BlackBerry Shutdown Decision Put on Hold

U.S. District Judge James R. Spencer said he will rule later as to whether BlackBerry mobile e-mail service should be shut down in the United States, after a much-anticipated hearing this morning.

Spencer chastised both sides for failing to settle their dispute in the patent-infringement case. NTP Inc. claims BlackBerry creator Research In Motion Ltd. has infringed on its patents for technology at the heart of the BlackBerry and today asked for $126 million in damages in addition to royalties.

Despite the delay, Spencer is expected to issue the injunction to shut down the service except for government and emergency workers until the case is resolved.

RIM has argued against the injunction, noting the U.S. Patent and Trademark Office might reject NTP’s patents. The agency this week rejected the first of five patents closely tied to the court case and issued non-final rejections on the others.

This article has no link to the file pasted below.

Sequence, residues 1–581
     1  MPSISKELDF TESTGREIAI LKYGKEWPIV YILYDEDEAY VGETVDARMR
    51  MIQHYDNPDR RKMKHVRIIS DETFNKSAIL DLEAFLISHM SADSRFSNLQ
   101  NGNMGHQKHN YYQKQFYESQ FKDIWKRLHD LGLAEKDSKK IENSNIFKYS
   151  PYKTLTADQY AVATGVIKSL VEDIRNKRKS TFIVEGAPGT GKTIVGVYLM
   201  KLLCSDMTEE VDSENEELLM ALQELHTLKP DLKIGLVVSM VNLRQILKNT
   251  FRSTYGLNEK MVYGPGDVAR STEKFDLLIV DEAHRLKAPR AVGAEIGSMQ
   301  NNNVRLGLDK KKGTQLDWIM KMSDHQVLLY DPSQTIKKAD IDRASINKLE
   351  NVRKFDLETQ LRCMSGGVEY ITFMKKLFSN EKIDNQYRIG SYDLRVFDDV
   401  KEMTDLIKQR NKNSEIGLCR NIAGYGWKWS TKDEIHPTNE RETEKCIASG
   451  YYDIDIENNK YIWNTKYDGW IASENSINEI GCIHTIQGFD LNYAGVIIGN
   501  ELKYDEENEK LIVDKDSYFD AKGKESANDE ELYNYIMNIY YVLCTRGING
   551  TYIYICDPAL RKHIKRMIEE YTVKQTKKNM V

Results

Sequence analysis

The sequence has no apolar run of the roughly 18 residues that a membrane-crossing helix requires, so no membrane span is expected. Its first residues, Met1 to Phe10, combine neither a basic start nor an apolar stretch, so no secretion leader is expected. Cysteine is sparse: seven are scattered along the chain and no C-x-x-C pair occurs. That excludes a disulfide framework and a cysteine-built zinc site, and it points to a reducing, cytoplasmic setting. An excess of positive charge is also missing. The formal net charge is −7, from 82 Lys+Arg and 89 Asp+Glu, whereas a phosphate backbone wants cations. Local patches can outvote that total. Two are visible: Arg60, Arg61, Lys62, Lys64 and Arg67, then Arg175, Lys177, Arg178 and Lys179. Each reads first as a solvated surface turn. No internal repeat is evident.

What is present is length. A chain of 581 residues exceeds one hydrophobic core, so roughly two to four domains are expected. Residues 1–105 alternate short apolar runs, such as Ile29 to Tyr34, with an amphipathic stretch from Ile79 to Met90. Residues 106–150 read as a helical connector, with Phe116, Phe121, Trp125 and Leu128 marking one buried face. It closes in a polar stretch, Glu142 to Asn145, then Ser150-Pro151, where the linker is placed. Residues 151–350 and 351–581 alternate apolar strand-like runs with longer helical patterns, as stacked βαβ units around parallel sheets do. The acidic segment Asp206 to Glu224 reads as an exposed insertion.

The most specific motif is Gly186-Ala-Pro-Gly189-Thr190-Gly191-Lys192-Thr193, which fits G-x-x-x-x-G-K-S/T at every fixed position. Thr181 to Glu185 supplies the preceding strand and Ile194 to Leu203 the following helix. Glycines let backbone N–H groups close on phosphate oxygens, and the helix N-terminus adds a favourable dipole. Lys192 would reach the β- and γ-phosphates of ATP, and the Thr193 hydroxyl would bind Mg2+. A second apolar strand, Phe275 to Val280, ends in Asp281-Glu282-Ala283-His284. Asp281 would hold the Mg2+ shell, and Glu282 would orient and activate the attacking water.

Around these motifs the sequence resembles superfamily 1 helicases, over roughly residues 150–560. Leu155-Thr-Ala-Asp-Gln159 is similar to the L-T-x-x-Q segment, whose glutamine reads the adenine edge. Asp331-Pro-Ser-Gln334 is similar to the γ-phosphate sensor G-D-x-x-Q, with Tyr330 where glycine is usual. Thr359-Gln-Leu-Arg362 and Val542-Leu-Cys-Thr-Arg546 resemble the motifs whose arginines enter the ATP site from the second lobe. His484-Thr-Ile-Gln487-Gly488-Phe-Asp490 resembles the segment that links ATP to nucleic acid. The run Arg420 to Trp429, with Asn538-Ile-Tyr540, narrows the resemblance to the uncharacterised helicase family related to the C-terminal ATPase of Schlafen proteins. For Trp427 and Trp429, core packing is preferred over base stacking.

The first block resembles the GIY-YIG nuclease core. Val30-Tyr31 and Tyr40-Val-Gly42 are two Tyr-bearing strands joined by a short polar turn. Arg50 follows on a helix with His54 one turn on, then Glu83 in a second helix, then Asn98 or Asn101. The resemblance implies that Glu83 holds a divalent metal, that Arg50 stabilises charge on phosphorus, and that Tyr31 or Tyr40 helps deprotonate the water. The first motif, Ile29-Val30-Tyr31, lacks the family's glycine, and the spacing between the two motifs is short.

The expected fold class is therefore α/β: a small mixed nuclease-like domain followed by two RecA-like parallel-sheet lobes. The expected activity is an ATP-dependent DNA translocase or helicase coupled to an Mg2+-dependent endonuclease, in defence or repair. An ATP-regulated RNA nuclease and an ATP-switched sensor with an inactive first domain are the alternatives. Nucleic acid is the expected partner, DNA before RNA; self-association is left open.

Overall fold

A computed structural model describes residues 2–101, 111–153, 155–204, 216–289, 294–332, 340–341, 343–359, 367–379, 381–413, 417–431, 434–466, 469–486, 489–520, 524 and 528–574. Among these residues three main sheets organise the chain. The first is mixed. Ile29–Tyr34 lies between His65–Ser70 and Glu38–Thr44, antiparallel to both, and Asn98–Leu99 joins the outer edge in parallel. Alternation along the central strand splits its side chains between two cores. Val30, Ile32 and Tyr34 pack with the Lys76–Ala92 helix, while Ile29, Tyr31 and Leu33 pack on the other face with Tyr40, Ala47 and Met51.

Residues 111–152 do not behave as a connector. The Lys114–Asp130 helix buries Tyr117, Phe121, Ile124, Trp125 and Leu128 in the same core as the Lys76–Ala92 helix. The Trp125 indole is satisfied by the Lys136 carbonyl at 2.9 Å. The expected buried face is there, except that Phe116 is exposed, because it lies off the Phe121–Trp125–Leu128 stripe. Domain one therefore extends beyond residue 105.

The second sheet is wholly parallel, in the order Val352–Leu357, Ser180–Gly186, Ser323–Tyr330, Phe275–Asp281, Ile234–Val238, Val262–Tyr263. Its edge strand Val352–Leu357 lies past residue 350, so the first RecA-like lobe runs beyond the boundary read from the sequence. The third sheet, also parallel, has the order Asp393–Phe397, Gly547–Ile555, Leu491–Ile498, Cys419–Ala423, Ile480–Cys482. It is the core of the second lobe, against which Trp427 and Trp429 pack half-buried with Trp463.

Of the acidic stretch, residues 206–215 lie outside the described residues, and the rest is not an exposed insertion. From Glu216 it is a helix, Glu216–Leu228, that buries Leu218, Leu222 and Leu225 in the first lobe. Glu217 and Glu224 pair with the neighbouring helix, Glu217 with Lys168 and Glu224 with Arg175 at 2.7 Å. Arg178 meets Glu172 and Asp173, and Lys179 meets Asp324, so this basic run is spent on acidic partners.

Even so, RIM recently lost a patent infringement suit to NTP Inc. An August 2005 appeals court ruling struck down part of a jury’s original findings against RIM, but left standing several patent infringement rulings in place.

Some market-watchers say if a shutdown is mandated, the Canadian RIM will settle at the last minute; RIM receives 70 percent of its revenue from U.S. operations. According to Bloomberg News, a RIM lawyer said in today’s hearing that a workaround to deal with a shutdown would take 2 million man-hours to implement.

There is no word as to when the judge will make his ruling.

Research in Motion Ltd.


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